As powder draws skiers from miles away to Taos Mountain in the winter, the word ‘whitewater’ attracts rafting enthusiasts in the spring. In Taos County, the Rio Grande River offers some of the Southwest’s most thrilling spring and summer outdoor recreation.
One 48-mile section that includes the ‘Taos Box,’ has rapids as challenging as any river runner might desire. The Box itself is about 16 miles of tumbling rapids amid boulders as large as buildings, which have fallen into the river from the sides of the gorge.
The Rio Grande River flows southward from its headwaters in southern Colorado across the entire length of New Mexico. The 1,885-mile-long river is the third-longest in the United States, forming a boundary between Mexico and Texas on its way to the Gulf of Mexico. The section that crosses Taos Mesa won the nation’s first designation of Wild and Scenic River in 1968.
The Rio Grande flows through a gorge that reaches 800 feet deep in places, thundering its way over sudden drops, with towering basalt cliffs on either side. Eagles, falcons, mergansers, geese, herons, and ducks build their nests in this spectacular habitat. Rafters frequently spot elk, deer, beaver, and-though much less often-a mountain lion.
This section of the Rio Grande has something for rafters of every age. The lower Taos Box is for the more experienced (or at least the most daring) with many Class III and IV rapids. With names such as Rock Garden, Ski Jump, and Powerline Falls, you can anticipate the thrill of facing them. North of the John Dunn Bridge near Arroyo Hondo is a tamer section called the Middle Box.
South of Taos Junction Bridge near Pilar, the river widens and becomes more suitable for family outings along the Orilla Verde, or ‘green shore.’ The five-mile Racecourse near the village of Pilar is a popular half-day trip, suitable for children who are strong enough to hold on tight.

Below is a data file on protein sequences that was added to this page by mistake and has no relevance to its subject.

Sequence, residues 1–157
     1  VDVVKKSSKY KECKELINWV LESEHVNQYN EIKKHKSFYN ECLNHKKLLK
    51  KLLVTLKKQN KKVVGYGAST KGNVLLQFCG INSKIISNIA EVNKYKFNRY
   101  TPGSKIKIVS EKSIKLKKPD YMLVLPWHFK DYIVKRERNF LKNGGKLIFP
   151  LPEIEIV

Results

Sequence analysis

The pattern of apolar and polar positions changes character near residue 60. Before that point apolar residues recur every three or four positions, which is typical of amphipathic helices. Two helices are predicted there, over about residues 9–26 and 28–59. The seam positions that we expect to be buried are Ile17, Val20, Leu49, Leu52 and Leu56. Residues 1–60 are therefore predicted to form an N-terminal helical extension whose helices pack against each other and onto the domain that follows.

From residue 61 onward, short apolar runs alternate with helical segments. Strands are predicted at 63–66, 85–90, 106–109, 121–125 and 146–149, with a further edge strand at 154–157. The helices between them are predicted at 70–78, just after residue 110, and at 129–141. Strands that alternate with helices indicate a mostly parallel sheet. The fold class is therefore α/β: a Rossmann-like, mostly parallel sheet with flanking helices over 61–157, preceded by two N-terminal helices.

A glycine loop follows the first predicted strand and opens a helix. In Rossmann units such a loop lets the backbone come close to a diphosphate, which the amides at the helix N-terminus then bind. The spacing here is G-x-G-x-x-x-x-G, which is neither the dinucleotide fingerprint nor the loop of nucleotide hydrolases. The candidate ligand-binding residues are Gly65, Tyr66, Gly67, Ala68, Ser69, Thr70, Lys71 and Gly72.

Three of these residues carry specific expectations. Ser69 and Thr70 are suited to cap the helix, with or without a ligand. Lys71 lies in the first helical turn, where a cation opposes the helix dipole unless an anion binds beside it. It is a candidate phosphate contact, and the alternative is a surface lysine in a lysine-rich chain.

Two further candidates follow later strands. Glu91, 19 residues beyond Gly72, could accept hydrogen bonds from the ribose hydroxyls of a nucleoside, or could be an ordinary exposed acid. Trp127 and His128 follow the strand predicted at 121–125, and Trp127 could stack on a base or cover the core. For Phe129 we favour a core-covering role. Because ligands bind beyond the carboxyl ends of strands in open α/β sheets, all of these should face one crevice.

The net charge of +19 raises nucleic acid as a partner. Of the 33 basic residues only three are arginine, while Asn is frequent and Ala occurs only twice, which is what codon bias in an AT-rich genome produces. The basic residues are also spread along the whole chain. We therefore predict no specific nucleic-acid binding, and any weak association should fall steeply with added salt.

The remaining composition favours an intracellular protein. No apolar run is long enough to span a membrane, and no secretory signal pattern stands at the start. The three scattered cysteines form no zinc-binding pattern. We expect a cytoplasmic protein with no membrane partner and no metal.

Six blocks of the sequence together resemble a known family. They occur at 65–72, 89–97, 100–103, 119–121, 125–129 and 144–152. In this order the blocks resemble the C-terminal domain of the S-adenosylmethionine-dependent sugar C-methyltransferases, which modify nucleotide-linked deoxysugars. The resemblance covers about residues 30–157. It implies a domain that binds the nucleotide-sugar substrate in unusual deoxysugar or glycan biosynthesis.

Whitewater professionals use a grading system to describe the difficulty of navigating particular stretches of rapids. The Rio Grande has seen all six grades, depending on the season, the location, and what the year’s precipitation has been. Class 1 is relatively gentle and flat. Class 6 is impossible for most people to navigate. Class 5 is also something of a wild ride, and the remaining classes are in between!
Some tours are more appropriate during spring and early summer, when the river is a maze of churning whitecaps, sudden dips, and swift, spinning currents. Other runs are better in the later summer when water quantity and speed have diminished and the challenge consists of navigating around boulders and through chutes without getting stuck.
Rafting companies offer one-, two-, and three-day trips on the Rio Grande, as well as on the more docile Rio Chama to the west. Some of the better-known companies include:
- Los Rios River Runners
- Native Sons Adventures
- Big River Raft Trips
- Far-Flung Adventures
- Kokopelli Rafting Adventures
- New Wave Rafting Company
- New Mexico River Adventures
- Santa Fe Rafting Company
- Cottam’s Rio Grande River Trips
Some companies also offer kayak tours and ‘funyaks,’ which are small, canoe-shaped inflatable rafts that are paddled with kayak paddles. When you sign up for a tour, you receive detailed information on what to wear and bring, along with facts about the safety and the releases you will be asked to sign.
Note that blue jeans and other cotton clothing are not recommended, as they stay soggy, inviting chills. On overnight trips, most companies provide tents, cooking utensils, and food, at the very least; and your guides prepare your meals.
The experience of exhilarating whitewater rafting followed by camping alongside a beautiful wild river eating delicious food and laughing with congenial friends is something you’ll remember for years afterward.
During the peak rafting season (May through August), a professional company, Southern Exposure Inc., photographs rafters on the Racecourse and in the Taos Box. These photos can be viewed and purchased at Southern Exposure Photo.
For current river conditions, please see https://waterdata.usgs.gov/nm/nwis/. Enjoy the ride!